Another thing I know from experience is that they ask to look at only one or two of the items from the list. I could take a chance and not bother with the rest of it, but it's a new auditor every year and the risk of disappointing one isn't worth it. That's a big difference from the old days, when my friend June would show up on the second Friday in August. We'd chat, she's look at a few records, and off she'd go to her next stop.

A lot of things were easier just a few years back. Or maybe they just seem so in retrospect. I'm pretty sure I was nervous about June's arrival the first time she audited us, and maybe the second and third time, too. On the other hand, now that I'm older and wiser, I have no fear of this new auditor, whom I've never met. All I dread is the work I have to do to get ready for her.

I hate getting new work to do just at dusk, because I can't see and it forces me to concede that it's getting dark. At least, that's the interpretation I choose to put on it. The fact that I can't see all that well during the day is something I'm ignoring for now.

Given the chance, I'd leave the lights off until it was pitch black out, but that doesn't work most of the time. I have to find things, like the phone when it rings or the remote. Or the other remote.

The three-page letter the Boss faxed me at 5:20 today had to be typed. The hints I've dropped in the past haven't had much effect, I guess. "You're always thinking of something to do at the end of the day," I tell him. That doesn't seem to oblique, does it?

But of course, he's been doing it, whatever it is (drafting the letter in this case) all afternoon, and it's the end of his day, too. In fact, it's leaving his desk and landing on mine. And I have to turn on the light so I can see what I'm doing and spend perfectly good reading time — maybe the last until tomorrow, because by the time I'm finished the sun will be completely behind the hills — doing something that I get paid to do from 8:oo until 4:00 but end up doing from 8:00 until whenever.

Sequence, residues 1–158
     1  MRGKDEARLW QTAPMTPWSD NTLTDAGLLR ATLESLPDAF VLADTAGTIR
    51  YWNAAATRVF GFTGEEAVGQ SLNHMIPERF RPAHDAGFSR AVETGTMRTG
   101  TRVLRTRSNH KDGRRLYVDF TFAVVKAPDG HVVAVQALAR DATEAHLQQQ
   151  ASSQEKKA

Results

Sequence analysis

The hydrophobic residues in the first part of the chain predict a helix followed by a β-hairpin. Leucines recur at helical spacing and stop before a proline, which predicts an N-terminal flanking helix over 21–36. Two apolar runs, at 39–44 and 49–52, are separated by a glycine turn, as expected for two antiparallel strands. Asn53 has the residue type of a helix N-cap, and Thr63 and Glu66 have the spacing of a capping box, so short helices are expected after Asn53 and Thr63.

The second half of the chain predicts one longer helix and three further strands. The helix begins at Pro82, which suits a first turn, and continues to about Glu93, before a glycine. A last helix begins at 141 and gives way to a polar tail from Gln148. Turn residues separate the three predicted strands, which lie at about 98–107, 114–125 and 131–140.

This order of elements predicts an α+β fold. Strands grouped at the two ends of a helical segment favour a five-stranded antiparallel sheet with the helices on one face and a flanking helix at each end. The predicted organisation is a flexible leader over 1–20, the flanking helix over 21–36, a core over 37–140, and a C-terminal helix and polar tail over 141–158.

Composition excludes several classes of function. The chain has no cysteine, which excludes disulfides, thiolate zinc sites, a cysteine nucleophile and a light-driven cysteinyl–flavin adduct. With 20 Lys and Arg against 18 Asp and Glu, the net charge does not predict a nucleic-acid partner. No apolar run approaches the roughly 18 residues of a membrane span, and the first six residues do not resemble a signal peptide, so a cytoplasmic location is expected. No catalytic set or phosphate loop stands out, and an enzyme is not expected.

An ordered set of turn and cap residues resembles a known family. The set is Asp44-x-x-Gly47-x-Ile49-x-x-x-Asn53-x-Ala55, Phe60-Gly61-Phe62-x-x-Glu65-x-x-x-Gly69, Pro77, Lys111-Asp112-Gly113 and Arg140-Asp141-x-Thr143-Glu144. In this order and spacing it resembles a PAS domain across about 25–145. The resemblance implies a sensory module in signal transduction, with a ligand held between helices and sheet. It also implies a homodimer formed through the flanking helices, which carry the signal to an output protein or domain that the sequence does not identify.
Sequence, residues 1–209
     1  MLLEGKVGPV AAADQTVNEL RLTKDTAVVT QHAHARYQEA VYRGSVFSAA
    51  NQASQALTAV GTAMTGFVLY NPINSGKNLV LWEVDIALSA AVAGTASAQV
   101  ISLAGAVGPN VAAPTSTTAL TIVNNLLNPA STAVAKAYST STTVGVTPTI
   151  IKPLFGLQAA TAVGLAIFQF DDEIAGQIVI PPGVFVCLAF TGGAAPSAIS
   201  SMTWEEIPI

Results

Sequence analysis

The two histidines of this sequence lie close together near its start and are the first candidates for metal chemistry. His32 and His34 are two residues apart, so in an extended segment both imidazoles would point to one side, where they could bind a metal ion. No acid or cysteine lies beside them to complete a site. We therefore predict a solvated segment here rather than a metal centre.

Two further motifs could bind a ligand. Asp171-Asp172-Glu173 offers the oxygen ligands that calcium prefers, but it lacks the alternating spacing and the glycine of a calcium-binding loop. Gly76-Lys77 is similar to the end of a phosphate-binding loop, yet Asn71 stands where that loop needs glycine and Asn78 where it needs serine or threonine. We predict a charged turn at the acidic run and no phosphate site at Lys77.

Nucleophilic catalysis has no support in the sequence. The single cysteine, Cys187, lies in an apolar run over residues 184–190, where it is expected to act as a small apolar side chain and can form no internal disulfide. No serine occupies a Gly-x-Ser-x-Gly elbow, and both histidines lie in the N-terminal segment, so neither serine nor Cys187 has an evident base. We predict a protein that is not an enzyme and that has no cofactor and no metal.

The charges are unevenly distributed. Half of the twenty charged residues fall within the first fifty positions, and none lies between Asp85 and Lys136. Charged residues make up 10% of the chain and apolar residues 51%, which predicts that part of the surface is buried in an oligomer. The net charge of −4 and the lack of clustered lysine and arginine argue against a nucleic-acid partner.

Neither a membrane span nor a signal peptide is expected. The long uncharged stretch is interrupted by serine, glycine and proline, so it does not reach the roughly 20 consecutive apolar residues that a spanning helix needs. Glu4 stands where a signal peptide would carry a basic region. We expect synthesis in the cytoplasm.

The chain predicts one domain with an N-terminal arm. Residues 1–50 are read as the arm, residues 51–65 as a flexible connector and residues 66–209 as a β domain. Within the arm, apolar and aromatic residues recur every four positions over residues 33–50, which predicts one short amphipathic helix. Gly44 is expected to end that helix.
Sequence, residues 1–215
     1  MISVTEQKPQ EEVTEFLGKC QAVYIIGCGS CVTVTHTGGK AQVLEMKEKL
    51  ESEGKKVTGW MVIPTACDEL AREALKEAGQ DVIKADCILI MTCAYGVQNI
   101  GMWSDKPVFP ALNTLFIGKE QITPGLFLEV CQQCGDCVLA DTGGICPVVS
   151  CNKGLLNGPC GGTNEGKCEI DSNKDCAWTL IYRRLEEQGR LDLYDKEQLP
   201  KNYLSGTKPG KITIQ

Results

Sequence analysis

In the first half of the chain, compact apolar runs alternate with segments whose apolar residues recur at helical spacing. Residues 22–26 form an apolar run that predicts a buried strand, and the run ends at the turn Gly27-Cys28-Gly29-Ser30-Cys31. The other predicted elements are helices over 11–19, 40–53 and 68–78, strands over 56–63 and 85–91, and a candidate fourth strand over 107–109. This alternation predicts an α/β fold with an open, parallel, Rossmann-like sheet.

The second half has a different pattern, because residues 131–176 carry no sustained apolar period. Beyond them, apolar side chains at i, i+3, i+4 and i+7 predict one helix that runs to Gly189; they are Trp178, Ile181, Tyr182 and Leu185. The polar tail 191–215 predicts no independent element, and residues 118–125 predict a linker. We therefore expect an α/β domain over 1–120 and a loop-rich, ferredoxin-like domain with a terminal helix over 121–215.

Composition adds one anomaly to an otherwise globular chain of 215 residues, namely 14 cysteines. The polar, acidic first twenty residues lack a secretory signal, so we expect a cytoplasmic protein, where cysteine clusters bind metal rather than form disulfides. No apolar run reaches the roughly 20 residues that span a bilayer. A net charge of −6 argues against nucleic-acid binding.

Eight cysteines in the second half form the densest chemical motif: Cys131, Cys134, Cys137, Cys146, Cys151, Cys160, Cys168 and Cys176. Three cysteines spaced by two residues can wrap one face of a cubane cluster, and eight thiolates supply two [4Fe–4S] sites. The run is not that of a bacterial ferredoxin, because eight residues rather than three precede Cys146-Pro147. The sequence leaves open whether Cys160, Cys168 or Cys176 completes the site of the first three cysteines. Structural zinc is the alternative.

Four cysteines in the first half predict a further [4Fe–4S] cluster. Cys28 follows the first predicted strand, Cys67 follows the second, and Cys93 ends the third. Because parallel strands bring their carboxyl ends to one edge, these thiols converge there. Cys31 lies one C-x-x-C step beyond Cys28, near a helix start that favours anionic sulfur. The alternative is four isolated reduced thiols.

His drafts are written in pencil and require heavy editing. Since I can read his mind, the editing part, which primarily involves putting his thoughts into comprehensible English, is no problem. If he writes "chance" and it doesn't scan right I automatically type "change."

It's the seeing part that I have trouble with, and if I think I can type fast enough to get the job done before it's completely dark, I might slack off some on the editing process. This means that I'll no doubt have to retype the letter, but with luck it won't be until tomorrow morning.


The honeysuckle will be damaged when the fence is finished falling down.

I stayed up way too late writing yesterday's entry, because the entry I wrote earlier and almost posted was so negative and whiny and almost totally pointless. And I already knew what I wanted to write about, my eating and spending habits, so all I had to do was find a few minutes to do it. I was relieved not to have to post that earlier depressing entry, and somehow writing about something else brought me out of my slump a bit.

"Find something good to write about." That's my new motto. It's not always possible, but I plan to try harder. I think I managed to find a positive spin to put on all three sections above. And if I'm deluding myself, well, that accomplishes the same purpose, doesn't it?